I have a few favorite questions I love to ask people I’m getting to know, or to argue about with friends. I like to call these my “stock questions.” My favorite, of course, is: Which ten albums would you take if you were going to be stranded on a desert island? This is, in my opinion, a life-defining question.
My second-favorite stock question is also life-defining, or at least it is the way I frame it: You know how prisoners on death row are given one last meal of their choice before execution? Well, I love to ask people, If you were on death row, what would your final meal be?
My answer might surprise some people. I’m a little bit of a casual gourmet, and I love eating at fancy restaurants and drinking really good booze. I’ve done a fifteen-brewery tour of Oregon. I’ve eaten a huge side of beef at Brooklyn’s Peter Luger Steakhouse. I’ve gone wine-tasting at Silver Oak and Stag’s Leap in Napa. I’ve had the omakase at Sebo, maybe the best sushi restaurant in San Francisco (just ask Anthony Bourdain). While moving cross-country, I took a detour so I could go bourbon tasting in Kentucky. Because of my connoisseur inclinations, one of my roommates once called me “the Anthony Bourdain of San Francisco.”
If you couldn’t tell by the multiple mentions in that last paragraph, Bourdain is something of a personal hero of mine. And I think he’d be proud of my last meal on earth, because it doesn’t involve any of that gourmet shit. In fact, it’s a meal you can get for ten bucks at a dive of a taqueria in San Francisco’s Mission District. That’s right: My final meal would be the Burrito Mojado al pastor from Taqueria Cancun, washed down with an ice cold Pacifico.
First, the scene: Taqueria Cancun is on a grimy (though not so much as before the cruel wave of gentrification struck the Mission) block of Mission Street between 18th and 19th streets. It’s an unassuming, almost rickety yellow storefront, set just back enough from the stores on either side that you could walk right past it if you weren’t paying attention.
The floor is a simple red ceramic tile, which evokes terra cotta, and the seating on either side is communal picnic tables (if you seat for any length of time, you’re pretty much assured of being solicited for money by either a mariachi band or a homeless person). The jukebox is almost always blaring ranchero music, though I recall a magical night once when the moment I walked in I was greeted with the opening notes of Samba Pa Ti, one of my favorite guitar instrumentals, by San Francisco’s own Carlos Santana.
The line files past the tables and the open kitchen with its large flat grills on the left, and loops back around past jugs of agua fresca and huge sacks of onions, to the register, where you order. The cashier takes your $10, hands you a ticket, your beer, and a basket of corn chips with one ramekin each of pico de gallo (the Cancun version is finely chopped and laced with jalapenos) and aguacate (a mix of avocado and jalapenos which is basically creamed fire) salsas. You take a seat, and when your number is called, you return to the counter to retrieve this:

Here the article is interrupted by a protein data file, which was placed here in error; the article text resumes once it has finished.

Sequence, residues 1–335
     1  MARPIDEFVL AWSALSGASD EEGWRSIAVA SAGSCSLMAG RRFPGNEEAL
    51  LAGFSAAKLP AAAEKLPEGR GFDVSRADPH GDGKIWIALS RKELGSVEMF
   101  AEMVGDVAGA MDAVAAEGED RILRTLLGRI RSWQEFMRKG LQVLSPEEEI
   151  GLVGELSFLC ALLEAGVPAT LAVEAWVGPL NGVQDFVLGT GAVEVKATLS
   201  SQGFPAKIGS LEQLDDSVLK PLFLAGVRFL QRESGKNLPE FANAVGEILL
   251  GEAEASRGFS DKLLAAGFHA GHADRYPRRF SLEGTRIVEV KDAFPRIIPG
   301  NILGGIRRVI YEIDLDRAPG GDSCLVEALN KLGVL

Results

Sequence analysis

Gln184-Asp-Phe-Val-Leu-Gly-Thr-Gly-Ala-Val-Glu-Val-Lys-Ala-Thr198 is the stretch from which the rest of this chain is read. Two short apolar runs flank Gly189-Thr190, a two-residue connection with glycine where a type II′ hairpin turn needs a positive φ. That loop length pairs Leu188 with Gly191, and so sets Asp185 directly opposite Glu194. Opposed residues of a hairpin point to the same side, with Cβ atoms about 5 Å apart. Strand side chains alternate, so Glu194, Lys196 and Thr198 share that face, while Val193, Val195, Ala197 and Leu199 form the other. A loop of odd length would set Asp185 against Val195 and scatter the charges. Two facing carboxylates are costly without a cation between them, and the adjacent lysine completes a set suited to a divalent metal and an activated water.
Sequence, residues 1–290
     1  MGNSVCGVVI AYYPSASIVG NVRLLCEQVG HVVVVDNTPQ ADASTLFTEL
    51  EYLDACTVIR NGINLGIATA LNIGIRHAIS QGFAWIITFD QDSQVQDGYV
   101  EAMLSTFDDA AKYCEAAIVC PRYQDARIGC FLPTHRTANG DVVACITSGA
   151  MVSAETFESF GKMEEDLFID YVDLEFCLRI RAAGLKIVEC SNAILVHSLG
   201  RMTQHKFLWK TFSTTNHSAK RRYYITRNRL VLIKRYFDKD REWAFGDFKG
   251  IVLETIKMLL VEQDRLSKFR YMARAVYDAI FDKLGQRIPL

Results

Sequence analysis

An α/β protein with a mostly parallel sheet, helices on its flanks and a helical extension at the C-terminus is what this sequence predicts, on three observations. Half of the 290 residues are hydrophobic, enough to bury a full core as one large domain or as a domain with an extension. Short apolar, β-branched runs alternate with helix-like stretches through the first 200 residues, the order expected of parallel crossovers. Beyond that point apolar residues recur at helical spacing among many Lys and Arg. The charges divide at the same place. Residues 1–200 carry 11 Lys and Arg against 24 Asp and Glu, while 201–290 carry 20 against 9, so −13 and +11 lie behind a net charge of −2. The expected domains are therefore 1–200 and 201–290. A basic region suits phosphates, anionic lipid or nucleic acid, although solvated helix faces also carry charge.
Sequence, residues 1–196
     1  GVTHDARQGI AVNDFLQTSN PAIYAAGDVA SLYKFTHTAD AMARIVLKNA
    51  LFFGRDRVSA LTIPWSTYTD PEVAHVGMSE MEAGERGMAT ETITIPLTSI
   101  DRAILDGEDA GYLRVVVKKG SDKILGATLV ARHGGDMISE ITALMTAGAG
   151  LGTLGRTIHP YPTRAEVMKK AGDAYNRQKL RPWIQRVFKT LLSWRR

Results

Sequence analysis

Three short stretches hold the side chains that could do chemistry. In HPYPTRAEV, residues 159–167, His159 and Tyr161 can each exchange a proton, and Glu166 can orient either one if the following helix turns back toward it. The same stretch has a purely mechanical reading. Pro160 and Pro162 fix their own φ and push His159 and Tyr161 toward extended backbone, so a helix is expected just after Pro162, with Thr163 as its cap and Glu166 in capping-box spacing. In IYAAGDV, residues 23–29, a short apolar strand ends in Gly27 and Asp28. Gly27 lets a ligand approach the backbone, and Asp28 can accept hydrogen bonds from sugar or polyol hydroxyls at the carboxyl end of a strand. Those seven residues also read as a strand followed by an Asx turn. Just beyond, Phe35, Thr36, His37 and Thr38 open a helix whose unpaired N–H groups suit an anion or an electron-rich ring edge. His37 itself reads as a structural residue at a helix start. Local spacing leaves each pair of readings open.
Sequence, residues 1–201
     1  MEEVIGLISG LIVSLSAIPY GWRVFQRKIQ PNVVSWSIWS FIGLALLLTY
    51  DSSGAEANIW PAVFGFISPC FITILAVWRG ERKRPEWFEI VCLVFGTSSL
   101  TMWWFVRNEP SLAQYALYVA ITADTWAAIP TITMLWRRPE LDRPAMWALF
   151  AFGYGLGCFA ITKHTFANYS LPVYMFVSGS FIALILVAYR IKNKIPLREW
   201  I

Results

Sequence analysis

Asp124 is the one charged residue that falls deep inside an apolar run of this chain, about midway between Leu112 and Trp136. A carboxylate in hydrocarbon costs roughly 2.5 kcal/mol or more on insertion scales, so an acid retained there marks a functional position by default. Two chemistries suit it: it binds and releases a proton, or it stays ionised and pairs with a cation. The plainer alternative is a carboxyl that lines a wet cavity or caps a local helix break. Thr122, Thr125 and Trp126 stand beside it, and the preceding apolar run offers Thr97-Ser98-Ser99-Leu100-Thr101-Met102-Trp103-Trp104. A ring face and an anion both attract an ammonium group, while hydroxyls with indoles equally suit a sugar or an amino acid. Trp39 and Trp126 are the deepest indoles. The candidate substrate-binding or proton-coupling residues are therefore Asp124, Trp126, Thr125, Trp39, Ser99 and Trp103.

Now that you’ve seen it, let me break this bad boy down for you. Cancun starts out with an enormous tortilla (the menu touts this burrito as “a BIG one”), and fills it with Spanish rice, pinto beans, and the meat of your choice. My meat is al pastor, which is pork marinated for hours in chili peppers and pineapple, rendering it slightly sweet, extremely spicy, and incredibly tender. Al pastor is the reason I could never be a vegetarian.
Even with just those ingredients, this burrito, which is roughly equivalent to a junior size football in length and girth, would be a tasty treat. But it’s what happens next that makes this my favorite dish. The geniuses at Cancun plate the burrito and drench it with a smoky red enchilada sauce. Then they melt cheese (jack, I think) over the top of it. Then for, the coup de grace, the slather on equal parts pico de gallo and aguacate salsas and sour cream. Note the topping colors: red, green, and white, the tricolors of the Mexican flag. It’s the most patriotic meal ever (If I weren’t so pale white, I’d swear that there was a mix-up at the hospital where I was born, and my real parents are Mexican).
Once I’m back at the table, I set out to eat this burrito strategically. I cut across it with a knife and fork (plastic, of course), allowing the guts to spill out, spooning the salsas, enchilada sauce, and crema over the top. I scoop up the burrito’s innards with corn tortilla chips until these edible utensils are gone, and then I retrieve my fork and eat whatever’s left inside the tortilla, which is now sodden with cheese and delicious red sauce.
To wash this monster of jalapeno heat and roasted smoke and hearty arroz y frijol down, there’s no choice but Pacifico. It’s a light beer, perfect for the task because it quenches the heat, cleanses the palate, and doesn’t add too much volume to my already severely tested digestive system. I’m also sentimental when it comes to Pacifico–in four years of college, my roommates and I probably drank enough of the stuff to keep the brewery solvent by ourselves.
Afterward I stumble out, so full I can barely move. It’s a perfect meal for the kind of person who needs to get by on one meal a day (as I often have in my life), and it is the ultimate weapon to combat a hangover, either proactively (at 3 a.m., after the bars have closed) or reactively (after you wake up at noon the next day). Either way, you want to be close to home if you’re going to take down a burrito mojado, because you’re going to need to lie down for at least an hour (and probably more) after you’ve cleaned that plate.
So there you have it: My death row final meal. What’s yours?